Hospital, Camp Edwards; Valley Forge General Hospital, Phoenixville, Pa.; Darnall General Hospital, Danville, Ky.; Thomas M. England General Hospital, Atlantic City, N.J.; Wakeman General Hospital, Camp Atterbury, Ind.; and Mitchell Convalescent Hospital, Campo, Calif. This group of hospitals, each with a large neuropsychiatric service, probably utilized between 75 and 100 personnel with the MOS 263 classification. Other installations reported 290 assigned psychiatric social workers. Combining the reported group with the unreported one, it was assumed that approximately 400 persons were engaged in social work duties in ASF installations. These figures did not include the psychiatric assistants. By another survey, the number of Wacs so assigned was estimated to be 247. This total of 647, in turn, was not comprehensive because psychiatric social workers and psychiatric assistants were also utilized in the Army Air Forces and Army Ground Forces, but statistical data from these echelons could not be obtained. A small group of psychiatric social workers was known to be functioning in oversea installations but actual count was impossible. Their number was probably less than 25.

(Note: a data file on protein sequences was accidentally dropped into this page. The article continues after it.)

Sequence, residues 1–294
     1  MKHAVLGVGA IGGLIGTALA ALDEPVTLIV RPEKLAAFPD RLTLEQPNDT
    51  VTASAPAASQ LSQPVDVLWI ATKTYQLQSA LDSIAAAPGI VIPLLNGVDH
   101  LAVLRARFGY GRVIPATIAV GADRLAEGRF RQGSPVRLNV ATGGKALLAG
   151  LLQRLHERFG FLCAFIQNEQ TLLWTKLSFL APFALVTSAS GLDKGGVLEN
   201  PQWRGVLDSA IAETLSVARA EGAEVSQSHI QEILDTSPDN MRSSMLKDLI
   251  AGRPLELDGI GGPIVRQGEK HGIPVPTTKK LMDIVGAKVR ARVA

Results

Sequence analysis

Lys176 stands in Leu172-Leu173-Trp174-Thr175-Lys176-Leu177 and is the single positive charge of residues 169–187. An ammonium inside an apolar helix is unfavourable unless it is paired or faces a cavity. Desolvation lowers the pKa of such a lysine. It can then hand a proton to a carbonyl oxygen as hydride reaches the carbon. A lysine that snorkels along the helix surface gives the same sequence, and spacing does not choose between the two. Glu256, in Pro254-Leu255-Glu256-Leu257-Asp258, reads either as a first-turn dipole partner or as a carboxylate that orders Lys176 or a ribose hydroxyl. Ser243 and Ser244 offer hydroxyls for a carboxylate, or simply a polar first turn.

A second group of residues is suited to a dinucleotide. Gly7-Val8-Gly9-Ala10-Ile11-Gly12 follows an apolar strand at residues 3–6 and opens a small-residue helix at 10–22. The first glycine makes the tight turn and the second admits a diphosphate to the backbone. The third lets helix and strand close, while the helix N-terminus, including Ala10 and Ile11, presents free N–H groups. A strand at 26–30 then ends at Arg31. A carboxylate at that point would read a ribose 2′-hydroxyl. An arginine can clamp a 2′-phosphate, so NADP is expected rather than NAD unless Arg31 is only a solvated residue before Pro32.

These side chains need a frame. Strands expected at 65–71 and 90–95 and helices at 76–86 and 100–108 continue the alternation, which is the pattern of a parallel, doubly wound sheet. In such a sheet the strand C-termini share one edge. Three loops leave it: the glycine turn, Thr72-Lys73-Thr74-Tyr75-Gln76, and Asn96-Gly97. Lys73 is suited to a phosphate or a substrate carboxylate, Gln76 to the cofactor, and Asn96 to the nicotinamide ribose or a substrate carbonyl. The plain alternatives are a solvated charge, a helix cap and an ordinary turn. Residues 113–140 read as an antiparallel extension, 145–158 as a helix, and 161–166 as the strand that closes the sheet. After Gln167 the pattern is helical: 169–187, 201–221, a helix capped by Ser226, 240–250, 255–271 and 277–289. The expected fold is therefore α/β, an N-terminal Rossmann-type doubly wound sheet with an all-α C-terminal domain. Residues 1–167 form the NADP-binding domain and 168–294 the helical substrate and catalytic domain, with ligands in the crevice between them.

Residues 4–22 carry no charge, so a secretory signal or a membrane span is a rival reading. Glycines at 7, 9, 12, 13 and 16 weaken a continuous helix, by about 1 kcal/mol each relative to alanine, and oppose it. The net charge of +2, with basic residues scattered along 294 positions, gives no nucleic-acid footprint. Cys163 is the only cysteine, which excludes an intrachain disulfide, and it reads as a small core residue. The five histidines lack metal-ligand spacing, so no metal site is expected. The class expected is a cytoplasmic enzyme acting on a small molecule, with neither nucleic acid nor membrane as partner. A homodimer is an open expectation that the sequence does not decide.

In August 1945, another count of the ASF installations revealed that approximately 711 persons were classified and assigned as psychiatric social workers or psychiatric assistants. At this time, also, no information was available from Army Air Forces, Army Ground Forces, and oversea installations.